• Parent—for employees transitioning to parenthood.       

  • Innovation.

  • New employees.

  • Well-being.

  • Presentation—for learning to give reports and TED Talks, for example.

  • Respect—for employees facing work or personal obstacles.

"It's definitely revolutionary," Lui Abel said of the program, "but it makes perfect sense."

To become an internal coach, applicants must have been at Google for at least two years, serve at the organization's senior level or be subject matter experts, have their managers' support for serving as a guru, and be considered an employee in good standing by their manager and HR business partner. Gurus undergo training and are evaluated by those they coach.

Most companies "are quite serious and rigorous" about the vetting process and employee ratings of coaches, Lui Abel said.

It's important to remember that there is a difference between just chatting with a girlfriend about a topic, such as impending motherhood, and coaching, she added.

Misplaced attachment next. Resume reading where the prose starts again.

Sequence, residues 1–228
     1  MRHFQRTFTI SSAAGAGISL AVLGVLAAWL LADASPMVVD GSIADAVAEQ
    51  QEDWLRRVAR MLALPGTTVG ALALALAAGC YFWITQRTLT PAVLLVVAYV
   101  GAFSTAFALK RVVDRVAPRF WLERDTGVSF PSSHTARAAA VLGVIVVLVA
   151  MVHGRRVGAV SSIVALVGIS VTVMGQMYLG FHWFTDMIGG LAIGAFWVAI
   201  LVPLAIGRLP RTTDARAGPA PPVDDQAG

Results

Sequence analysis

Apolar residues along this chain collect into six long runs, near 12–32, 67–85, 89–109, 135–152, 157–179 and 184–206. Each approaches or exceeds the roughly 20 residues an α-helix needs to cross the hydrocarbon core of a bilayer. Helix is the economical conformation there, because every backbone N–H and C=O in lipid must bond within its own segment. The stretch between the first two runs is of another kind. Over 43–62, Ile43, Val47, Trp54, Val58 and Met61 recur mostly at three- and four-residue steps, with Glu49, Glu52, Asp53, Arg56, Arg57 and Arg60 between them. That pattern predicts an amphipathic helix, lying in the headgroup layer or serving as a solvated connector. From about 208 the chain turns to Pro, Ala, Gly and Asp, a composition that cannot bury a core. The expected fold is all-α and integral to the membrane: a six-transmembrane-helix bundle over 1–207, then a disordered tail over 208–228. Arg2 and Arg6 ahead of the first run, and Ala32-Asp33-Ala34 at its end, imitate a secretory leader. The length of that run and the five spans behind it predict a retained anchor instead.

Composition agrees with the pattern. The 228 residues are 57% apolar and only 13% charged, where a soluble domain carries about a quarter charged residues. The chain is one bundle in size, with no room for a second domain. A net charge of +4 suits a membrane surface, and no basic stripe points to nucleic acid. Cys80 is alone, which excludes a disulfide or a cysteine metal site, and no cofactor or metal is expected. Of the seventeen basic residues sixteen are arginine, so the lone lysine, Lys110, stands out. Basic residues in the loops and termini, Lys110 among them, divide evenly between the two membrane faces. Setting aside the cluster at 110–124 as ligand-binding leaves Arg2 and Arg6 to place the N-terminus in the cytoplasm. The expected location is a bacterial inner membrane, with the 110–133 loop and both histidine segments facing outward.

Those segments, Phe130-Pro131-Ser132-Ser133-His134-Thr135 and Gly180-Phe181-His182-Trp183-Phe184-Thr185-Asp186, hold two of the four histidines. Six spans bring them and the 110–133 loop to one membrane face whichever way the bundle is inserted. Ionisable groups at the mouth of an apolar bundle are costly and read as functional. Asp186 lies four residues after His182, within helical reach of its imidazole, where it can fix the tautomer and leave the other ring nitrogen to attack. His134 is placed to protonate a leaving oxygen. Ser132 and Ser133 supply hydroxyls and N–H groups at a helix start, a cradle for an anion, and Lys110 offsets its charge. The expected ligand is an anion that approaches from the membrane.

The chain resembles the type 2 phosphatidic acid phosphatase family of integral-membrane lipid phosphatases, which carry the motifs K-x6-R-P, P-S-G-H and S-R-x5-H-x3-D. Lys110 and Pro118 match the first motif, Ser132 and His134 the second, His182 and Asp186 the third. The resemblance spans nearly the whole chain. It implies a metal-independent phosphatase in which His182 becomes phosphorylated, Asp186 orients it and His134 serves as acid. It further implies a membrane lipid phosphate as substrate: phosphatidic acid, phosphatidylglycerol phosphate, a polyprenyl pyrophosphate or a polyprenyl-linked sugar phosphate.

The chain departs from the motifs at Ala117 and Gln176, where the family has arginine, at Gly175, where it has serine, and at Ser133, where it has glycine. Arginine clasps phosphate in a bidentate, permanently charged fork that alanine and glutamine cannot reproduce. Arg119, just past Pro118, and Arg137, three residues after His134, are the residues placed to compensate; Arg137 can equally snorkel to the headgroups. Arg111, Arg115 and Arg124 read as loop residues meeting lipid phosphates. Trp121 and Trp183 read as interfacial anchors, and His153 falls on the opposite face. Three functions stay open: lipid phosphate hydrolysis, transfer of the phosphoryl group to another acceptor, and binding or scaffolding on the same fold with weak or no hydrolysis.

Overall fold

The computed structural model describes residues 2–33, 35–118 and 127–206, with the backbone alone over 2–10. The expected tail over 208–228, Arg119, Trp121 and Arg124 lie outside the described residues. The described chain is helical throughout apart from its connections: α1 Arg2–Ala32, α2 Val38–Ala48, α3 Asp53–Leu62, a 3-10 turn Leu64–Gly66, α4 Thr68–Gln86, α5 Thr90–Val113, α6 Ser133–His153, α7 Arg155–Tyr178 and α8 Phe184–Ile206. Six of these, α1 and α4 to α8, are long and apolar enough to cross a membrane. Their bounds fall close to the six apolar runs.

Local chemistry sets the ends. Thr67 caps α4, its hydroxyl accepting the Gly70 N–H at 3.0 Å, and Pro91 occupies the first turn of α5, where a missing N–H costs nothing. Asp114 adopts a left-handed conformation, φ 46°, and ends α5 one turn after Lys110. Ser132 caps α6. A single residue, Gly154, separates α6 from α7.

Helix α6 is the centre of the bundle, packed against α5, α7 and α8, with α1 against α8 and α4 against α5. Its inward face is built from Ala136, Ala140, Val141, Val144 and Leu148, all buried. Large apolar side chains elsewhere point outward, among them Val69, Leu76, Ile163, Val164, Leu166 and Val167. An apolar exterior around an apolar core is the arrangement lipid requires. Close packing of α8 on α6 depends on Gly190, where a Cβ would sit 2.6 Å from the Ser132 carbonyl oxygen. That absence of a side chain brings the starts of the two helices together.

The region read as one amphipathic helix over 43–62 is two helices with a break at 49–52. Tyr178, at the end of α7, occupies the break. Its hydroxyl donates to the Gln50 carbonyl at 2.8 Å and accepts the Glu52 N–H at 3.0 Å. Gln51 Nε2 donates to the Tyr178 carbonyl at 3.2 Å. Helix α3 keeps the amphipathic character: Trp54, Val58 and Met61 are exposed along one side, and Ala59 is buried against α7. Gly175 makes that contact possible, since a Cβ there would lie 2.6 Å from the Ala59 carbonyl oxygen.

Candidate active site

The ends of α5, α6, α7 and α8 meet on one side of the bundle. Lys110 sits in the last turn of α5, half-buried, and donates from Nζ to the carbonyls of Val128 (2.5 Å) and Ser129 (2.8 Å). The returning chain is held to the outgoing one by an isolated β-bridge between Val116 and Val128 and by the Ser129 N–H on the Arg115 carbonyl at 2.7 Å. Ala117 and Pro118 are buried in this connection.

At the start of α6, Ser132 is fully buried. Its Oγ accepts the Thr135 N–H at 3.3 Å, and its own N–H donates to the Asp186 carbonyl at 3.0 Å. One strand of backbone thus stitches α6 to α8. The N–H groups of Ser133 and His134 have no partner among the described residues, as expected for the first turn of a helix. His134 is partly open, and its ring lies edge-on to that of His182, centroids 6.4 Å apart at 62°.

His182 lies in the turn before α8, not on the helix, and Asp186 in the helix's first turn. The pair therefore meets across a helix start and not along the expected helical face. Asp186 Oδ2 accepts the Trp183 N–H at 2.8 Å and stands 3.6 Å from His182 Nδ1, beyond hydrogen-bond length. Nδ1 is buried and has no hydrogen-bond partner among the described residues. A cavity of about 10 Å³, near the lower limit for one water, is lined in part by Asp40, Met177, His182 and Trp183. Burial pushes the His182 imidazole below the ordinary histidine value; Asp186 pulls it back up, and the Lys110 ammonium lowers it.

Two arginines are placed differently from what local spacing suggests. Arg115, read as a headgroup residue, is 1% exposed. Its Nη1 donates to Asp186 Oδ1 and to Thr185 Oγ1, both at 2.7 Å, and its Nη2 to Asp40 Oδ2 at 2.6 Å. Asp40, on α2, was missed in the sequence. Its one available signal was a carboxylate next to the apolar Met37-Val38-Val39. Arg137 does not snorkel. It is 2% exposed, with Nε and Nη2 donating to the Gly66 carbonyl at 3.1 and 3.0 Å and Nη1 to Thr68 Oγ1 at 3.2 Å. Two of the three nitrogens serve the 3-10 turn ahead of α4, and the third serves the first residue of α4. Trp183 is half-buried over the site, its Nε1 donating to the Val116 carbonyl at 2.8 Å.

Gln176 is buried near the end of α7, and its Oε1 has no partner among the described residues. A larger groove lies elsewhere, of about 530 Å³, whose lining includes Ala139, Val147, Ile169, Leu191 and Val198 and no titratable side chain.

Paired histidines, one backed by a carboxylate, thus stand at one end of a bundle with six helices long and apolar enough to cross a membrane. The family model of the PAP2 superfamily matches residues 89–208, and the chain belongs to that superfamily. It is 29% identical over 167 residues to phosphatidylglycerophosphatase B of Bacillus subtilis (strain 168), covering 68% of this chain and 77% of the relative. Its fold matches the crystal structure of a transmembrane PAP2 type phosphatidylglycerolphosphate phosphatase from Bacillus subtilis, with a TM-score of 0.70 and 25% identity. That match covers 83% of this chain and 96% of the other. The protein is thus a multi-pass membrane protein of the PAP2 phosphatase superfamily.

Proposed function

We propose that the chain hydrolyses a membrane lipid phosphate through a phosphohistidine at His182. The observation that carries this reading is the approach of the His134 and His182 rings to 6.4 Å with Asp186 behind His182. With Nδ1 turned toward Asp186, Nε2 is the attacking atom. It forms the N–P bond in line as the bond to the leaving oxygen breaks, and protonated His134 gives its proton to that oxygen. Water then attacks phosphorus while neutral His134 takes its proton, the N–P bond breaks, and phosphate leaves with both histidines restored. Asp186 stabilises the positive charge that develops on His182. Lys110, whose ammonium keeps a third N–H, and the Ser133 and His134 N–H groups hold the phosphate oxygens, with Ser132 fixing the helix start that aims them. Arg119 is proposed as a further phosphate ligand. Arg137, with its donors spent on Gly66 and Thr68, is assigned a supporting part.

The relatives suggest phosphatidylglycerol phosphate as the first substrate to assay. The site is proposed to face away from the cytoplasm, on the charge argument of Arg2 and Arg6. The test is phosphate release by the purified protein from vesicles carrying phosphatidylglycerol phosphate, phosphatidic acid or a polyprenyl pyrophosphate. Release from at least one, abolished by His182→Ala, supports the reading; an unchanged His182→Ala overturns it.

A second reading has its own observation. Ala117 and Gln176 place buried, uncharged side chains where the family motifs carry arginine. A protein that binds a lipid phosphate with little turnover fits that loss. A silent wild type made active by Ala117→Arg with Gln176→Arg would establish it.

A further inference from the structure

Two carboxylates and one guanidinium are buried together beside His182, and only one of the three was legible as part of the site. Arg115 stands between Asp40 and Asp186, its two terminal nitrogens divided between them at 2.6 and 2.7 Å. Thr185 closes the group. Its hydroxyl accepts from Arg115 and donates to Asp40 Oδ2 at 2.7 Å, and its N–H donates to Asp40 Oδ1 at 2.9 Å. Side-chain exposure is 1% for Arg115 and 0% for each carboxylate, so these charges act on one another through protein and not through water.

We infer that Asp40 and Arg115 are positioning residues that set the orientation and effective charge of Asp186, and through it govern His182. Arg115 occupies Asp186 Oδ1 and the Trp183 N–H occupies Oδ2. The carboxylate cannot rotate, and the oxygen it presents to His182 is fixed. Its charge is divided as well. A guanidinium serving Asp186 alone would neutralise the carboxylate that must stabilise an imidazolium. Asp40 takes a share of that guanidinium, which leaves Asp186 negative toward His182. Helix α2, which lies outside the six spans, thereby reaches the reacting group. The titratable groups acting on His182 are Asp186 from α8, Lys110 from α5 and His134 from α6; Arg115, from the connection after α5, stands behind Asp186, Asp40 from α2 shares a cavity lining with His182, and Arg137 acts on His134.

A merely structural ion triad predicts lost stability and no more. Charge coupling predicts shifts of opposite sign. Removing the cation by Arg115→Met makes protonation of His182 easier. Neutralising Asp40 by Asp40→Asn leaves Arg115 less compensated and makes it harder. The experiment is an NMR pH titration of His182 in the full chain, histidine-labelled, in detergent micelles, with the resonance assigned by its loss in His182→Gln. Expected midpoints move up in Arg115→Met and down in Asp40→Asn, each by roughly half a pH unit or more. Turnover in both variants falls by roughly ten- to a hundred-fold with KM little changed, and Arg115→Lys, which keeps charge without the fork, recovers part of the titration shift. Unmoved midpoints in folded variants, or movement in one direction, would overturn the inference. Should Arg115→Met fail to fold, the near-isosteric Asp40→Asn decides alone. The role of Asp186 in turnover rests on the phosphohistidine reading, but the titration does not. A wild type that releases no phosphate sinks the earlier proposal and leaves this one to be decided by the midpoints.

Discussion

"Coaching is a lot about asking questions" that help individuals discover how their values may be driving their behavior in a particular situation and then helping them find solutions to challenges. "Coaching is not telling people what to do and barking orders," she said. "It's a skill."

The Conference Board expects to see more personalized coaching with measurable outcomes.

Rebecca L. Ray, executive vice president of knowledge organization at The Conference Board and a co-author of the report, noted in a news release that there is much anecdotal evidence on the power of coaching.

"But turning this tool of individual development into an organizational catalyst will depend on rich analytics, scalable deployments and objective, repeatable results. The next frontier [in coaching] will bring in the latest in technology, neuroscience, mindfulness and more."